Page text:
Boutique manager L1 Capital has defied the odds with another mandate win and its first research analyst hire at a time when many were saying it was the beginning of the end for start-up boutiques.
Lev Margolin, formerly from the investment banking team of Babcock & Brown in the principal investment section, started at L1 this month following constant growth for the Melbourne-based manager.
L1 was launched on the cusp of the credit crunch last August, by former Invesco analyst Mark Landau and ex-Cooper Investors portfolio manager Rafi Lamm. Since then, it has reached $250 million in funds under management. It received its fifth mandate last month from Russell Investments, forming part of the multimanager line-up of the Russell Australian Opportunities Fund (RAOF).
The steadily falling Australian share market had a few pundits predicting the flood of boutique managers would dry up.
L1, however, has had some success with a 7.8 per cent gross return since inception to June 30, 2008. L1 has become something of a poster boy for Russell as the multimanager released research on how to select and manage boutique managers. Russell awarded 5 per cent of the RAOF to L1 in an “incubation” capacity, joining six other managers. Fortis Investment Management, 452 Capital and Quest Asset Partners manage 20 per cent of RAOF each. MIR Investment Management and Plato Investment Management manage 15 per cent, and JM Financial Group manages 5 per cent.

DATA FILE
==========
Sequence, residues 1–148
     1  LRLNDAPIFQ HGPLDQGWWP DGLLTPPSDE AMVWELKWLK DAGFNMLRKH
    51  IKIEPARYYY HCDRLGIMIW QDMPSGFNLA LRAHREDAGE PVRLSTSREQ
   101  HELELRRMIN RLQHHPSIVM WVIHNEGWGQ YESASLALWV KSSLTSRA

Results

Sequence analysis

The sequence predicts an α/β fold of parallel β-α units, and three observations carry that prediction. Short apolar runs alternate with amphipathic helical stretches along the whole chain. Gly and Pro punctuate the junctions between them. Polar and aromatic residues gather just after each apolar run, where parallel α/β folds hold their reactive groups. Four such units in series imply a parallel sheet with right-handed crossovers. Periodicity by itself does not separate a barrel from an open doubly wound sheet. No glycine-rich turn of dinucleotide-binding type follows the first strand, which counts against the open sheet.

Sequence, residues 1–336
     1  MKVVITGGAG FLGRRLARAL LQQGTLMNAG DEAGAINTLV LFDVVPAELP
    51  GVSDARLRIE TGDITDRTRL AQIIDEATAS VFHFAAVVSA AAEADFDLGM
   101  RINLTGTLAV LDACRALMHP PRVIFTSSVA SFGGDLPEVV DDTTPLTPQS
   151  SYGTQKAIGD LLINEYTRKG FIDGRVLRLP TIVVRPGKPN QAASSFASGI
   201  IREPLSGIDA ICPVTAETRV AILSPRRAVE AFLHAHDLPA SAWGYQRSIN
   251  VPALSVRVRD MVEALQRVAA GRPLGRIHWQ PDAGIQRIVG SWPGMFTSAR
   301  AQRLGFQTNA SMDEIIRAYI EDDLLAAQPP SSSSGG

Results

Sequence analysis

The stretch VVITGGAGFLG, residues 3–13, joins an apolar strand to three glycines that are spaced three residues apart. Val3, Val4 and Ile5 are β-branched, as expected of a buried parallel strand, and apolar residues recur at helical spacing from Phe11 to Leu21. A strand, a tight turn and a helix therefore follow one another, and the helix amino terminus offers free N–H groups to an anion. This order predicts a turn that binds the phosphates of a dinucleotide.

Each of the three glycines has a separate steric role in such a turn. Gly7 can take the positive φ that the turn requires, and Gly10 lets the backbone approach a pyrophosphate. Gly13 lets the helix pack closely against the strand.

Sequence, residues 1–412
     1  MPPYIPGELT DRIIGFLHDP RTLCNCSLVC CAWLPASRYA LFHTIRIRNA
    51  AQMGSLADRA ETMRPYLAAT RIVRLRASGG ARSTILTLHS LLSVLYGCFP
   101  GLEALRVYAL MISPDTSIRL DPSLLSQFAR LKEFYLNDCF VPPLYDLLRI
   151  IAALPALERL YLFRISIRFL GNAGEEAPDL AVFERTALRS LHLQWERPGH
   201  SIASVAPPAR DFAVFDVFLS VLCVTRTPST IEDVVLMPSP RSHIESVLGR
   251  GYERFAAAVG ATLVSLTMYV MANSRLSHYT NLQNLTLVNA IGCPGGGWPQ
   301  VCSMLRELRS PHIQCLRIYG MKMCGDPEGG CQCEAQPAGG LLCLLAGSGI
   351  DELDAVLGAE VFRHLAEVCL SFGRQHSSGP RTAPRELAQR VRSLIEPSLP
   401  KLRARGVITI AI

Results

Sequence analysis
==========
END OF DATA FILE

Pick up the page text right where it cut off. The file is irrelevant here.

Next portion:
Russell said the incubation strategy was developed to invest a small portion of the fund in a new boutique manager with an “identifiable competitive advantage”. The boutique managers research found most boutiques will on average struggle to continue posting competitive returns three years after inception. The report encouraged institutional investors to get in on the ground floor with boutiques, after doing solid due diligence on a fund, and not wait for a track record.
Russell senior research analyst, James McSkimming, said based on his experience of watching the “life cycle” of boutiques, “those boutiques that retain the investment focus associated with the inception stage are more likely to continue generating solid investment returns, relative to those that become distracted by business risk or exit strategies,” he said.
The research found the median rolling yearly excess returns for boutique managers exceeded or matched those of institutional managers over most of the last 11 years, albeit with higher risk.